This might sound like an obvious question to a lot of woodworkers, but I'm seeing some differing definitions on the web.

What is the formula for a "shellac cut", i.e. mixing your own shellac?

For example, this video defines a "2 lb cut" as "2 lbs of flakes dissolved in 1 lb of alcohol". In other words, shellac/alcohol.

However, the admin on this forum describes it similarly, but uses very different units when he writes, "2 lbs of shellac to one gallon of alcohol".

Now, since "1 gallon of alcohol" is about equal to 6.7 lb, that would make his example closer to a 2/6.7 = 0.23 cut which seems very diluted by the other definition.

I tried mixing my own shellac using the second definition, using 33g of shellac flakes and 183g of iso alcohol, for roughly a 0.18 lb cut, and found it to be basically unusable. It's so watered down, it's like just putting alcohol on wood.

Am I correct in understanding the first definition is the correct one?

  • To individual downvoting a question. It is most helpful to explain why the downvote was cast
    – Ashlar
    Commented Nov 3, 2023 at 22:53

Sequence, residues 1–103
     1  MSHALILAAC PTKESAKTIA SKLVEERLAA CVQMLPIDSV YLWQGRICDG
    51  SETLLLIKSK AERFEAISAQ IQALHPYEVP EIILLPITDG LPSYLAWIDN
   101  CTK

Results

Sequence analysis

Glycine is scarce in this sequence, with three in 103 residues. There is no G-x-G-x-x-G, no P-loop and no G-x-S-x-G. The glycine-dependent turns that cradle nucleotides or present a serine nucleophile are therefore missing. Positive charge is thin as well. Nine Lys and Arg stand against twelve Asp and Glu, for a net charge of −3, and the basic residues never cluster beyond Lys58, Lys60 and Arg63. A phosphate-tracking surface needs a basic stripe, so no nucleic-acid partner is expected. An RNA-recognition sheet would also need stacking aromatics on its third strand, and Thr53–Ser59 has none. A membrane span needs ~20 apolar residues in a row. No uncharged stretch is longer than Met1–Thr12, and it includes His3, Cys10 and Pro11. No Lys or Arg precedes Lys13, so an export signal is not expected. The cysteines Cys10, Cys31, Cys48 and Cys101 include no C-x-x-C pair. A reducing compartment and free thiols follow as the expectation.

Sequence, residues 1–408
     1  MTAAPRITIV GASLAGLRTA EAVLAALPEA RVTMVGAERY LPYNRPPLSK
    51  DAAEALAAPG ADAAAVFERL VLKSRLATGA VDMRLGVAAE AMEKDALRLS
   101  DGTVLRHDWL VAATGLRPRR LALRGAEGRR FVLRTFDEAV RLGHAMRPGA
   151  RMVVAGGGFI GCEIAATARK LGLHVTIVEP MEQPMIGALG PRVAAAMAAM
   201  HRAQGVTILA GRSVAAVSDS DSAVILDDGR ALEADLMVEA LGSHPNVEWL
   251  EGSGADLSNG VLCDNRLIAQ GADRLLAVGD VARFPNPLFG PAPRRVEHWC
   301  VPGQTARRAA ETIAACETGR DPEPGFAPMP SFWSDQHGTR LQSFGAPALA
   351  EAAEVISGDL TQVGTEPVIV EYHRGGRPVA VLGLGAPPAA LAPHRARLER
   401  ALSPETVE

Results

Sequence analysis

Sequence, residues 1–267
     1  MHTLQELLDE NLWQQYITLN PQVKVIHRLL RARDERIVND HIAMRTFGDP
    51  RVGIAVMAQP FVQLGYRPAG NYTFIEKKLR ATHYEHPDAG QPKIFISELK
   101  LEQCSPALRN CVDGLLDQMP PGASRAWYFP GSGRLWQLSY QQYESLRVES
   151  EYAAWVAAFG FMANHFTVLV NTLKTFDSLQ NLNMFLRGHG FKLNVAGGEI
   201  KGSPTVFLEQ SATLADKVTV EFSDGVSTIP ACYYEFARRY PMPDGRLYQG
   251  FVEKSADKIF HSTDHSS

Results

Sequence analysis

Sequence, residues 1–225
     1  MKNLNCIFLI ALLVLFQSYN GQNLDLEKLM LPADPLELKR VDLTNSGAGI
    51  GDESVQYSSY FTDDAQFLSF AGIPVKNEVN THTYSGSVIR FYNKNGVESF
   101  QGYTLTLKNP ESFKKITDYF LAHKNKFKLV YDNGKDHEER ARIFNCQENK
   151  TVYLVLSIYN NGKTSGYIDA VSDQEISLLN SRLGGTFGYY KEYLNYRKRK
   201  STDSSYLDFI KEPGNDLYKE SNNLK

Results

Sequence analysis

1 Answer 1


It's pounds of shellac per gallon. Yes, a 1-pound cut is extremely light; the lightest I've heard commonly used is 2-pound and traditional "shelf standard" (including premixed stabilized such as sealkote) is 3-pound, commonly diluted to taste before use.

Remember that you don't need to, and usually shouldn't, mix a whole gallon at once. But you can't just divide both numbers by the same factor since they have different density and you're using weight for one and volume for the other. 2 oz. of flakes in 8 oz. of alcohol is also a 2-lb cut.

Websearch will find both tables for the proper mixtures and ratios for dilution if you want a named result rather than "that looks about right".

  • "Websearch will find both tables for the proper mixtures" Exactly.
    – Graphus
    Commented Nov 20, 2023 at 9:23

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